Gene Wilder Died While Listening To This Classic Song

A beautiful life is something we all strive for. Day in and day out, we try to make something that is both meaningful in the present and everlasting in the big picture. Ideally, whatever we create during our time here on earth will last long after we're gone. As we all know, death is one of the most inevitable realities of life, so is it so much to ask for a beautiful death as well?

If anybody can boast of having had a beautiful life, it was Gene Wilder. The "Willy Wonka and the Chocolate Factory" star became one of Hollywood's most beloved and celebrated icons. Without a doubt, the life the revered actor led and the merits he accumulated throughout his 83 years were indeed beautiful. When he left this world in August of 2016, his departure was also something you might call beautiful. As US Weekly reports, Wilder's passing was unintentionally scored by one of his favorite songs of all time.

Gene Widler died to Somewhere Over the Rainbow

It was on August 28, 2016 that Gene Wilder passed on after complications with Alzheimer's disease tragically took his life at the age of 83, as Biography reports. He was at his home in Samford, Connecticut in the company of his family when, almost serendipitously, his favorite song of all time started playing on a nearby speaker. "As our hands clutched and he performed one last breath, the music speaker, which was set to random, began to blare out one of his favorites: Ella Fitzgerald," Wilder's nephew Jordan Walker-Pearlman revealed in a statement following his death (via US Weekly). "She was singing 'Somewhere Over the Rainbow' as he was taken away."

The "Blazing Saddles" actor departed from this world in as peacefully as one can hope for. If you know the song, you can probably imagine how soothing and tender the setting must have been.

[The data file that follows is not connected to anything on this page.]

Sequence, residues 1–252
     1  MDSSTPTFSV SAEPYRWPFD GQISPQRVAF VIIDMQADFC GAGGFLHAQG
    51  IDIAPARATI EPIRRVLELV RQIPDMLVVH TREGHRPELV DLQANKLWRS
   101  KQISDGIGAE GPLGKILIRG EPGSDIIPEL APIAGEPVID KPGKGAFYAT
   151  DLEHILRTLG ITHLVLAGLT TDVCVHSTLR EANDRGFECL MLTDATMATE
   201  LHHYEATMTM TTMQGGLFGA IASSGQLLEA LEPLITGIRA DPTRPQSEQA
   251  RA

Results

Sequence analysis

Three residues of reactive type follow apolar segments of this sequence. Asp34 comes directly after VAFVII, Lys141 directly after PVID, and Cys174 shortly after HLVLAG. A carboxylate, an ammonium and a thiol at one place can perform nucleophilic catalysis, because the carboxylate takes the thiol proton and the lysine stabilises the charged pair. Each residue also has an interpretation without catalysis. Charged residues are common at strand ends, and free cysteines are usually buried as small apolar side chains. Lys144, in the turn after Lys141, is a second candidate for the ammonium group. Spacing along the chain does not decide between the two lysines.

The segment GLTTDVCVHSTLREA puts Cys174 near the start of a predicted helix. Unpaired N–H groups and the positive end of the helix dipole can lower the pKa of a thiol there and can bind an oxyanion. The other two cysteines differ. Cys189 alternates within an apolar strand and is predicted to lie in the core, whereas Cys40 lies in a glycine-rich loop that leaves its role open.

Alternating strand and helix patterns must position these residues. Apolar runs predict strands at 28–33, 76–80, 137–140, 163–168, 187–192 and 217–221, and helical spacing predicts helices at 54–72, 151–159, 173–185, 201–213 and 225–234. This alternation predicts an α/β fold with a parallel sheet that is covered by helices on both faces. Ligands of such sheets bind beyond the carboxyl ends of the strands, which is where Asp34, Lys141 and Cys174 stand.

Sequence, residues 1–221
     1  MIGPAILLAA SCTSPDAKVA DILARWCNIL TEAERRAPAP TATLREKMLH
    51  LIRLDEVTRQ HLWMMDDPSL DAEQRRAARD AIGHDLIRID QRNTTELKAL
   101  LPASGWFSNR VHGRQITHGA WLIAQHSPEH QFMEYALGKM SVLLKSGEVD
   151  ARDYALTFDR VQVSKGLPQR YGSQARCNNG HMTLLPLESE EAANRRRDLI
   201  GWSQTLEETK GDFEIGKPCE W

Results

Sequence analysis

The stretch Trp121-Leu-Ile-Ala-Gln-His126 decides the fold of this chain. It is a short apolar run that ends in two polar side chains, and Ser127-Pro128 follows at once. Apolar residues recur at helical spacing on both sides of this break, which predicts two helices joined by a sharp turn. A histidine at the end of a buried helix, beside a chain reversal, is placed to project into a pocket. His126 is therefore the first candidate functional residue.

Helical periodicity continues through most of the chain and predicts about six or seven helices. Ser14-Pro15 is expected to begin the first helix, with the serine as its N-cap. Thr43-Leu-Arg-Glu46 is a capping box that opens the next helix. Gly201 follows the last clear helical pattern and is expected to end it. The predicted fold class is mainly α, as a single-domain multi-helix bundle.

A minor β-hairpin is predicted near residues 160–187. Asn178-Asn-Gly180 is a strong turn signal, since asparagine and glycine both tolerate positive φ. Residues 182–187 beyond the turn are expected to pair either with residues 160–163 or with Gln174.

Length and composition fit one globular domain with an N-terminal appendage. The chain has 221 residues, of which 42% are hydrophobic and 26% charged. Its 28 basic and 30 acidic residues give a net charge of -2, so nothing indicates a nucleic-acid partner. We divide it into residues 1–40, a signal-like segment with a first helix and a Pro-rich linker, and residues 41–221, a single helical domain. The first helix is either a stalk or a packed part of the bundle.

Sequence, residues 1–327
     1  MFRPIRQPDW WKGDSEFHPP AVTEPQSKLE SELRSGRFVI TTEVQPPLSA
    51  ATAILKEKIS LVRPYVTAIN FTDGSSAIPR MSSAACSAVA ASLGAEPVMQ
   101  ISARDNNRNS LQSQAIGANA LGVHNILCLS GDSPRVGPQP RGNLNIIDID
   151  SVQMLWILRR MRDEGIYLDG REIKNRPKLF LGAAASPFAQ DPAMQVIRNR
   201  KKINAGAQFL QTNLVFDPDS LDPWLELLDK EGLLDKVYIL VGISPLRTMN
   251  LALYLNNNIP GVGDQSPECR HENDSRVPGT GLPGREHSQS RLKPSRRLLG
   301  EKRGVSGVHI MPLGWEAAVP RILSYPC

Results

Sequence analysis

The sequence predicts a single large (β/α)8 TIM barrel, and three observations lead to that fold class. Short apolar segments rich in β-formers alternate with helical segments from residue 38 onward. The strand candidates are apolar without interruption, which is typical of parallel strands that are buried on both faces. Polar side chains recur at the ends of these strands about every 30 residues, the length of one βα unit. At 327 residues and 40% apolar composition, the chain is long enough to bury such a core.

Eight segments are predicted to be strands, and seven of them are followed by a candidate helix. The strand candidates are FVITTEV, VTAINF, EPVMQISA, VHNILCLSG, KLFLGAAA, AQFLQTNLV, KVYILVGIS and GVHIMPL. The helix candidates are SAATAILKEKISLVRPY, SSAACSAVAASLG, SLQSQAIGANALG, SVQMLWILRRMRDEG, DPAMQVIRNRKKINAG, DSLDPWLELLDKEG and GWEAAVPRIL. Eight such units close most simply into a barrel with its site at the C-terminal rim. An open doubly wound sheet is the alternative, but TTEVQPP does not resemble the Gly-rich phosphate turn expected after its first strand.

Gene Wilder once met Ella Fitzgerald

The version of "Somewhere Over the Rainbow" that Gene Wilder loved so much during his life wasn't the one you're probably most familiar with (Judy Garland's rendition in "The Wizard of Oz"). Ella Fitzgerald (1917-1996) released her own version of the song in 1961, as Second Hand Songs reports. The track drifts softly on the airwaves like a lullaby, radiating with a sort of entrancing aura at its core. It really is one of the most beautiful songs ever written, so it's no wonder that it became one of Wilder's favorites.

In his lengthy and heartfelt statement, Jordan Walker-Pearlman revealed that his uncle actually had the pleasure of meeting Ella Fitzgerald once upon a time. "There is a picture of he and Ella meeting at a London Bistro some years ago that are among each of our cherished possessions," he said (per USA Today). The family has never released the picture to the public, though they keep it as a sort of personal heirloom of their dearly departed loved one and the remarkable life he led.